Coverstitch is formed by two or more needles and one or two loopers. Like lockstitch and chainstitch, coverstitch can be formed anywhere on the material being sewn. One looper manipulates a thread below the material being sewn, forming a bottom cover stitch against the needle threads. An additional looper above the material can form a top cover stitch simultaneously. The needle threads form parallel rows, while the looper threads cross back and forth all the needle rows. Coverstitch is so-called because the grid of crossing needle and looper threads covers raw seam edges, much as the overlock stitch does. It is widely used in garment construction, particularly for attaching trims and flat seaming where the raw edges can be finished in the same operation as forming the seam. Machines with three needles are most common, and can be configured to use any two or all three of the needles. Machines with six or more needles are often used for applications like fastening elastic waistbands to garments. Household coverstitch machines are fairly rare, but are becoming more readily available.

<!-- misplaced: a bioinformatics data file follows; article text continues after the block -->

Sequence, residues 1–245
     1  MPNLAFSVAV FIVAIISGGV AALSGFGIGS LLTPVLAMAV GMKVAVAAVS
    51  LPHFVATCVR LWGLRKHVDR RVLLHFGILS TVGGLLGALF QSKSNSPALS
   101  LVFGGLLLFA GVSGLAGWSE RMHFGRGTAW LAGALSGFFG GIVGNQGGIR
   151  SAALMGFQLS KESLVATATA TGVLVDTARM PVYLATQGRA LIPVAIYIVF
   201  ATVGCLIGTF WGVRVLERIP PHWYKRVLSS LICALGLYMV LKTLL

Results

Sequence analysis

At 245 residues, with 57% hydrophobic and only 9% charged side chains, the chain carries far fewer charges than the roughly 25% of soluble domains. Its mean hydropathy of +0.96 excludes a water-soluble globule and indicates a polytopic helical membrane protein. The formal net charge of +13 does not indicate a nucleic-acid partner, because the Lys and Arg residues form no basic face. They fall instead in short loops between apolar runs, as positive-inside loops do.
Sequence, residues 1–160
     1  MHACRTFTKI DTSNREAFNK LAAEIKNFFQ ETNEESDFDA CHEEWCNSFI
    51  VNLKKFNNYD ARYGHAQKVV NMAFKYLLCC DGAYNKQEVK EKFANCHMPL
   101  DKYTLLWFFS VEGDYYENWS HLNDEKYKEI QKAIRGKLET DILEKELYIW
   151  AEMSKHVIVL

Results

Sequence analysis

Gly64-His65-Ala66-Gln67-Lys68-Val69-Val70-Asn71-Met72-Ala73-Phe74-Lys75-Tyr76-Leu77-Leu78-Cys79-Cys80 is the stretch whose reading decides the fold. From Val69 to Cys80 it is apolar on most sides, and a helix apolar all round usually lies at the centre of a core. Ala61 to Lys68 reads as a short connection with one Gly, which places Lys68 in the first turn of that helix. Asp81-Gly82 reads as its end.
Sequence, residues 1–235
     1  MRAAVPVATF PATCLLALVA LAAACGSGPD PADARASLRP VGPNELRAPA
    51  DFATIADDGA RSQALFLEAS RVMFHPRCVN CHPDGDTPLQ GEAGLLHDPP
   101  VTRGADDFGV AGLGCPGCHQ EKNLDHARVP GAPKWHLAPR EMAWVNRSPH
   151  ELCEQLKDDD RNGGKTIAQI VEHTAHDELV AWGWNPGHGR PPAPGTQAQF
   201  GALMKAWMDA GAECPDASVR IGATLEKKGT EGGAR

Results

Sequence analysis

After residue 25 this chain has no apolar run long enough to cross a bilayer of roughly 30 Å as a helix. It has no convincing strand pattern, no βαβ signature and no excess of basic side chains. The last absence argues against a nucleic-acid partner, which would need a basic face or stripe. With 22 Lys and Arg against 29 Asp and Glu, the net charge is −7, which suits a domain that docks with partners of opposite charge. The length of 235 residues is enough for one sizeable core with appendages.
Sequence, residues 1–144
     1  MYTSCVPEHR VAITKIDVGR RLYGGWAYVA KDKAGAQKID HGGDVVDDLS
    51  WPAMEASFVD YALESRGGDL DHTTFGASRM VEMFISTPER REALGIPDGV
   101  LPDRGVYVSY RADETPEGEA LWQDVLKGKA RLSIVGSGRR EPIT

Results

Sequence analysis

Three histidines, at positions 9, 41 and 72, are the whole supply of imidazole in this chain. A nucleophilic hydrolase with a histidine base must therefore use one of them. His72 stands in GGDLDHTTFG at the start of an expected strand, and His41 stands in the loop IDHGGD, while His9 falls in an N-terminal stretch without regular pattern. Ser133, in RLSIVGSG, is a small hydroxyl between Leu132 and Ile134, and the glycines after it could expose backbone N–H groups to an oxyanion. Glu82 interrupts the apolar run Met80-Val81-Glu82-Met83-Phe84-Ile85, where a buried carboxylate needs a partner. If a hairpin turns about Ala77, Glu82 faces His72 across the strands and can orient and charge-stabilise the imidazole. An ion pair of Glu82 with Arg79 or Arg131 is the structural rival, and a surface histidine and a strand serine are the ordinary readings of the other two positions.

Other stitch formations

A series of stitch formations, joining 2 colors of fabric. A zigzag stitch could also be a long, wide continuous seam.

Zigzag are lockstitches with a side-to-side width as well as a stitch length. Basic stitch formation is dictated by a stitch pattern cam; maximum pattern width is established by the stitch width regulator. The cams that produce zigzag stitch patterns are single. As the cam rotates, a fingerlike follower, connected to the needle bar, rides along the cam and tracks its indentations. As the follower moves in and out, the needle bar is moved from side to side. A zigzag stitch has more give than a straight stitch, and therefore is less subject to breakage.